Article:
Miles of conversation on the road with the Avetts

by Carole Perkins

The low, steady rumble of tour-bus tires on the highway is white noise, a smooth and steady backdrop to Seth Avett’s easy laugh and languid Southern drawl. The Avett Brothers are headed to New York, traversing a route from West Coast to East Coast, miles away from the red clay of their stomping grounds in Concord.

On Tuesday the Avett Brothers released their new EP, The Second Gleam, a glittering gem with slow, meandering songs that tumble through a stream of nostalgia, sentimentality and most of all, love. The Second Gleam supersedes its older sibling, The Gleam, released in 2006, in the compelling nature of the songs, solid and thoughtful hallmarks to the men who’ve experienced both joy and sorrow. Though, like brothers, they are each special in their own way, The Second Gleam and The Gleam are perfect bookends. The first song, “Tear Down the House,” is one Seth says is “about seeing changes around you.” The lyrics exclaim: “Tear down the house that I grew up in/ I’ll never be the same again.”

Though the house where the Avett children — Bonnie, Scott and Seth — grew up in still stands, Seth says the song “is more about how the older you get the landscape of your life changes, history come undone.” Seth’s older brother, Scott, sings the second track, “Murdered in the City,” a song about how much Scott would want his family to know he loves them if he should die. “I wonder which brother is better,” Scott sings. “Which one my parents loved the most. I sure did get in lots of trouble; they seemed to let the other go.” Seth laughs about being the baby in the family, saying, “Well you learn a lot from those who come before you. You learn what to do and not do.” “Bella Donna,” a poignant love song sung in Seth’s high, lonesome voice, “was definitely inspired by someone. It was definitely written from experience. You have a better chance of clarity because it’s something you’ve been through. It’s rooted in personal experience.” “Bella Donna” was originally released in 2005 as “Darling,” on one of three CDs Seth recorded, on a cassette player in his bedroom. Seth says the decision to include it on The Second Gleam is “because we try not to put songs in shackles. We try to allow the songs to become what they’re supposed to be without us being in the way.” Seth adds that there are plans to re release the “Darling” CDs in a “more masterful way.” Scott sings the fourth song, “The Greatest Sum,” his voice gravelly with emotion as he vows, “Not even the clouds, not even the past, not even the hands of God can hold me back from you.” Five out of six songs on The Second Gleam are about love. In “Tear Down the House,” Seth sings about crying over a girl who broke his heart, “not just crying but collapsing and screaming at the moon.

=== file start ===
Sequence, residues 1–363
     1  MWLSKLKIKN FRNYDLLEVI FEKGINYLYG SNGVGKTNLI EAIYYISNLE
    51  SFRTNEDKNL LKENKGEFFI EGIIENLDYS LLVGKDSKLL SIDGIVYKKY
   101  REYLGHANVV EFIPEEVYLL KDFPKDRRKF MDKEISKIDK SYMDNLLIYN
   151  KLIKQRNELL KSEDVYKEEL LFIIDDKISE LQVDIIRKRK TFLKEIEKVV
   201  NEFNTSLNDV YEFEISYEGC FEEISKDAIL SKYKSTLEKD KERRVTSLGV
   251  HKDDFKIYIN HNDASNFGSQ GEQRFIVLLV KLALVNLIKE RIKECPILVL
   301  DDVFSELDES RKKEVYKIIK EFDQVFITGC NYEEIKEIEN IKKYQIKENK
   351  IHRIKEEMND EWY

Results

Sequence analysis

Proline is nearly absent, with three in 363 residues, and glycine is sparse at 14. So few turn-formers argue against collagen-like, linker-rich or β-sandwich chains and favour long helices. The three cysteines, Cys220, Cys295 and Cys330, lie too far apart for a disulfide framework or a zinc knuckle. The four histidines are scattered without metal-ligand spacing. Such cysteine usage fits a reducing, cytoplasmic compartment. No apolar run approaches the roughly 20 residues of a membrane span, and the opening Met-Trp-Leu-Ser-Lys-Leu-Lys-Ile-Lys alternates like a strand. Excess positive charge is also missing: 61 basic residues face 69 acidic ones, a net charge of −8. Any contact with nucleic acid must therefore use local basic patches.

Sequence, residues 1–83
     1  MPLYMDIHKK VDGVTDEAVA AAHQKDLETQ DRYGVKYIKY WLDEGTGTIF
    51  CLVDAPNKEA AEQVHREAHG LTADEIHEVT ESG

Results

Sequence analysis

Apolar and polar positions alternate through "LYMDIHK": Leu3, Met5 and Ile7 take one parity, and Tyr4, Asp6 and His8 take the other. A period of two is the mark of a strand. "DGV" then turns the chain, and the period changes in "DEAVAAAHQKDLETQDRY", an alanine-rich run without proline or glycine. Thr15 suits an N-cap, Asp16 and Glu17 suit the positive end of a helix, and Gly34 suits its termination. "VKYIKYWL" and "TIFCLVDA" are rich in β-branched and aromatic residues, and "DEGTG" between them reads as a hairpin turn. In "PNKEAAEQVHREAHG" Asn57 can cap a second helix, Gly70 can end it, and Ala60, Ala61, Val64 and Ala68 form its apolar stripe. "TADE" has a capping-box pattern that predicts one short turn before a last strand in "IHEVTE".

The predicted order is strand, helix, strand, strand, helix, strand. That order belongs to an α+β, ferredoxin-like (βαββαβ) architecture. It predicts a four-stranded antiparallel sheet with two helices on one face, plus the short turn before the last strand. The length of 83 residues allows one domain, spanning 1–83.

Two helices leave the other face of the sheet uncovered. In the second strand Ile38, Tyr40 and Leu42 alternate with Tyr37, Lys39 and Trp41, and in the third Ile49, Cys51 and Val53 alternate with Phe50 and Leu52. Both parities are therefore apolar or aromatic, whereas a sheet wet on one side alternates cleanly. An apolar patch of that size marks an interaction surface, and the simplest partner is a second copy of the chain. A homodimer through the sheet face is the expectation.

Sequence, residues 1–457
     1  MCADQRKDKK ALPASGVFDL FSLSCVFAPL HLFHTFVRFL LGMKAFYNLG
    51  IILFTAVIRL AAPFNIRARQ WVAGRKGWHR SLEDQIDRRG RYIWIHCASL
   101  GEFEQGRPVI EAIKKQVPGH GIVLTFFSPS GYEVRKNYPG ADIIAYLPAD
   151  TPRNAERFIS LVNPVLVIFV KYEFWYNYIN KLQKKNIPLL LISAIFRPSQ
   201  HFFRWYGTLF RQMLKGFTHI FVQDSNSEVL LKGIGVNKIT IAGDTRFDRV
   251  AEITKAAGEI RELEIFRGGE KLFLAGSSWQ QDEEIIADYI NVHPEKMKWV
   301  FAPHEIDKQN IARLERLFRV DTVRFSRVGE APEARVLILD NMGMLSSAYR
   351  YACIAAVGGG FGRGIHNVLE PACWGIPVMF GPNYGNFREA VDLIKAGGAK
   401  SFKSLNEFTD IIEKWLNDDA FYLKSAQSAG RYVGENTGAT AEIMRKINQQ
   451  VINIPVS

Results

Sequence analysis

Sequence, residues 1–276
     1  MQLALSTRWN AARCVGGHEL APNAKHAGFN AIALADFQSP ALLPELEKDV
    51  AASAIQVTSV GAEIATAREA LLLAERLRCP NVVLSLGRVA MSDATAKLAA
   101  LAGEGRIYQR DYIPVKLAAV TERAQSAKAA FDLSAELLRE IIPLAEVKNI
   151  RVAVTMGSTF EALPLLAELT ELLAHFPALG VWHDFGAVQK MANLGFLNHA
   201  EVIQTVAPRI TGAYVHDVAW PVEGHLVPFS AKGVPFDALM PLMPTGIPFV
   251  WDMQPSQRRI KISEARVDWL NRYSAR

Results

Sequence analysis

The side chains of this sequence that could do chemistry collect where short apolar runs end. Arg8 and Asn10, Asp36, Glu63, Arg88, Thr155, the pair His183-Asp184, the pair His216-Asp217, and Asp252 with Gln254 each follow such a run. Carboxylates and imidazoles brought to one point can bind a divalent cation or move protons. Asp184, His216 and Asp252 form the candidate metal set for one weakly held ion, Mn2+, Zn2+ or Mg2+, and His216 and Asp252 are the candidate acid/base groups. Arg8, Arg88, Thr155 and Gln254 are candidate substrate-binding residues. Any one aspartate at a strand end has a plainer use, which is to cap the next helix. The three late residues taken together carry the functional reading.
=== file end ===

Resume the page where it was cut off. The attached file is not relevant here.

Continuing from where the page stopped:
“Love is very obviously the most important thing,” Seth explains. “Hopefully it comes from some sort of blessing of clarity. Love is the good side, where the light comes from. We try to appreciate that and communicate it as well as we can, There are enough facets of love to write it in a number of songs. We feel it should be championed to the fullest extent possible.” The last song on the EP, “Souls on Wheels,” is sung by Seth. “Souls like wheels/ turning, taking us with wind at our heels/ turning, making us decide on what we’re giving/ changing this way we’re living.” Seth says this song’s “aim is to be presented as a transition song, a desire for rebirth, a major chance to put your old self away and allow your new self to come in. It considers experiences that are fiery and very intense that make you question what you’re made of, who you want to be, and how you’re going to change.” The Avett Brothers are in a prolific period of songwriting, like cauldrons of hot water, spilling songs faster than the heat can be turned down. “We have a lot to draw from the well,”

Sethsays. “At the moment there are a lot of songs occurring. That may notalways be the case and we want to take advantage of it while we can.It’s important to have the tools to finish an idea. You have to writeit down then record it or you’ll forget it. We try our best to dedicatethe time to our ideas. All three of us write anywhere and everywhere.We always carry sketchbooks and journal recordings.” Seth says he was talking to his wife on the phone one day and “a melody came

tome in the middle of the conversation. I asked my wife if I could callher back. She said that would be fine. So I wrote it down real quickand called her back.” All three Avett Brothers are married and spendabout a hundred days on the road. “We’re doing well with it now, but inthe future we’d like to get it down to about sixty days away,” he says.“We spent the first seven years on the road in very uncomfortable carsor riding in vans with trailers hitched to the back,” Seth says. “We’reglad and proud to ride in this lifestyle.”